Recently, scholars have questioned whether enforcement mechanisms are
necessary to make regimes effective. This article provides a model of the
international criminal regime in which the regime changes state behavior
even though it possesses no enforcement mechanisms. The article also
answers several prominent criticisms of the International Criminal Court
(ICC). Critics claim that the ICC is at best futile because it lacks the
power to apprehend the criminals it is meant to prosecute. Even worse, the
ICC may be harmful because it will induce atrocious leaders to hold on to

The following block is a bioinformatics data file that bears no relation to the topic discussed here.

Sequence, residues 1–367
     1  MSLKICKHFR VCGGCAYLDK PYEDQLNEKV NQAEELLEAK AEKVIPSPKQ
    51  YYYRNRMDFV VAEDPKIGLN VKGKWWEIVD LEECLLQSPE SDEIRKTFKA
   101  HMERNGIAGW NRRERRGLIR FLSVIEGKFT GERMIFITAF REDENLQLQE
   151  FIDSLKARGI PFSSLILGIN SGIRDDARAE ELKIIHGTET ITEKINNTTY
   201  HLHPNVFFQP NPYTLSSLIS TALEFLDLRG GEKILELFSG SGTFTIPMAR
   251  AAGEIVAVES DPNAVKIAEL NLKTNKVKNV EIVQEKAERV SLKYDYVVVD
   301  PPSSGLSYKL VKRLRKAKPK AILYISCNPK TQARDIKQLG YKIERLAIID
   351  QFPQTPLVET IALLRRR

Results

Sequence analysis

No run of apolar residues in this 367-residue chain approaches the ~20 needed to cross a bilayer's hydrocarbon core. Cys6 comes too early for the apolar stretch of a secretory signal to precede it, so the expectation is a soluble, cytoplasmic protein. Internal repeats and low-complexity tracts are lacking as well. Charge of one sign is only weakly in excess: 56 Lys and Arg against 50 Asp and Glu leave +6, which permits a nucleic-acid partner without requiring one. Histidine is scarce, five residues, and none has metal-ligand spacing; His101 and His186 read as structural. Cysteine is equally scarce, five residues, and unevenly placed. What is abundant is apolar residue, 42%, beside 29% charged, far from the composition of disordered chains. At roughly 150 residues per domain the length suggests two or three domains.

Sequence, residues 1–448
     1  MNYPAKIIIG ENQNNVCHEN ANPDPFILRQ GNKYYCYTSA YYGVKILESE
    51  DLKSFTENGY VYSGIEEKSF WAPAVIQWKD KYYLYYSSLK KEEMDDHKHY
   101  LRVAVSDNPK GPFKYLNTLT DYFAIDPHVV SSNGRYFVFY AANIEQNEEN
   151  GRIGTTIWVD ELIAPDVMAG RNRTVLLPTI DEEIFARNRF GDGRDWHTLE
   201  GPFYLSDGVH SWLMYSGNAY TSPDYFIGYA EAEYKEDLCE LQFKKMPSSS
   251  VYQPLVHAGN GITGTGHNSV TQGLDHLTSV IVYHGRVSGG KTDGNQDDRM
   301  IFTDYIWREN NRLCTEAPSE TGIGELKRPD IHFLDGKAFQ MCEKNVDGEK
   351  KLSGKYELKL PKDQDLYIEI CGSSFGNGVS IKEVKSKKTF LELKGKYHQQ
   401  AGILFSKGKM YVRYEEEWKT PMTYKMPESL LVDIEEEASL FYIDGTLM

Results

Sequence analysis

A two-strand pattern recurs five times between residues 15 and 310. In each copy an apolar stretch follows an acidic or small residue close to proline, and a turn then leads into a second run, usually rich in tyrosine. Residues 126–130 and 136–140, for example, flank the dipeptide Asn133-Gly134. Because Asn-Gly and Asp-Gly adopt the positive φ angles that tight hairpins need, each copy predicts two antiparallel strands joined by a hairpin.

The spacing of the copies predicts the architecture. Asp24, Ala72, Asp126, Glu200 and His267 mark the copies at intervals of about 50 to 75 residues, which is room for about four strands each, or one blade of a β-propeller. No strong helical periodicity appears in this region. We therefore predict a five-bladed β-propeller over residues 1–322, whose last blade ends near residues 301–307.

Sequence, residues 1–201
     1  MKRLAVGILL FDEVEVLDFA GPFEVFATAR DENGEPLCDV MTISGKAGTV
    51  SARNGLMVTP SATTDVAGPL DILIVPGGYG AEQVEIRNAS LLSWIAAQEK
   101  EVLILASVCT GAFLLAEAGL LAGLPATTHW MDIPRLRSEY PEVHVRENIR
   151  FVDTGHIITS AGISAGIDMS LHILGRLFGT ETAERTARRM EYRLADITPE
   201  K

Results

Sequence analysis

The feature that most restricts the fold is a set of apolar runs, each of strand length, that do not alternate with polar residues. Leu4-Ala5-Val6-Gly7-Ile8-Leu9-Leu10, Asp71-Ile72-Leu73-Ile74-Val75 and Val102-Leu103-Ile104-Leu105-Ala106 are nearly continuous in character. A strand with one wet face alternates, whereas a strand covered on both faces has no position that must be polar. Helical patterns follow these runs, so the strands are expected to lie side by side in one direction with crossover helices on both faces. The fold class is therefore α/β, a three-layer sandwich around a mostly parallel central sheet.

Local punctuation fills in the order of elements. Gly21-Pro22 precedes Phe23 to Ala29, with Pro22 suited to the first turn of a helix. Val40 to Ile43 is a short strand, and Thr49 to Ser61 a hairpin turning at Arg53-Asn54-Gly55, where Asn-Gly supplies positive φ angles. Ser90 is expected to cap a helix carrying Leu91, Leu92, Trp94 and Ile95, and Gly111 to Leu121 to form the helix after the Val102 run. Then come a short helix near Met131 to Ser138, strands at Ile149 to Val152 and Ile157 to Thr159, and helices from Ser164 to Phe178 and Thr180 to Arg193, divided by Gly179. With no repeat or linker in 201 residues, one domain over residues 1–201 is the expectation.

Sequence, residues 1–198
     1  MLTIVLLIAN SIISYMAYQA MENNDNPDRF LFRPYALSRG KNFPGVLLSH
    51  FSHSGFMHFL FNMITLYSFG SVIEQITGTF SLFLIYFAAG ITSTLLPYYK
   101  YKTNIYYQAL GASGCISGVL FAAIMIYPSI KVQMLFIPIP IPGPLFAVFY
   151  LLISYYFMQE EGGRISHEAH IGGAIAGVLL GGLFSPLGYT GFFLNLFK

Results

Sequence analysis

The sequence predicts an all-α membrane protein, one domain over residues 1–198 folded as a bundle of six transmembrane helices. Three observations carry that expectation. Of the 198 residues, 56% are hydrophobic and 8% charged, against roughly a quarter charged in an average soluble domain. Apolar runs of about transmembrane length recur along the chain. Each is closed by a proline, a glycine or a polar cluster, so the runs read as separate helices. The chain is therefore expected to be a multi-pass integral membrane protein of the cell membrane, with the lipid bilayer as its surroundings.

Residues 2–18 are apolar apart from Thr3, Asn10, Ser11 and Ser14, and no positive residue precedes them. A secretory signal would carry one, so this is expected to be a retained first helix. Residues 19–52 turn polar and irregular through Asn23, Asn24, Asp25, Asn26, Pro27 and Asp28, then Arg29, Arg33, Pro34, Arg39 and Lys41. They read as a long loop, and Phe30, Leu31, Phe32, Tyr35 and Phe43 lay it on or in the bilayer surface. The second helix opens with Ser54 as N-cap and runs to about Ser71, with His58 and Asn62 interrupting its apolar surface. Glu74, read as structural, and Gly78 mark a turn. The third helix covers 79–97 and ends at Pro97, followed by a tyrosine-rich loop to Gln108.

power longer than they would if they could step down with immunity for
past crimes. The model in this article suggests those criticisms may be
inaccurate. I model the interaction between a leader and a foreign state
that has the option of offering that leader asylum. I examine the effect
of the creation of an ICC-like institution on that interaction. The model
produces three main findings. (1) Leaders' reigns will not be
prolonged as a result of the regime. (2) Although the institution has no
enforcement power, some leaders (those with such a high probability of
being deposed that they would willingly surrender to the institution
rather than try to stay in office) will be punished by it. In those
circumstances, the foreign state has no incentive to offer the leader
asylum. (3) The institution may deter some atrocities at the margin.
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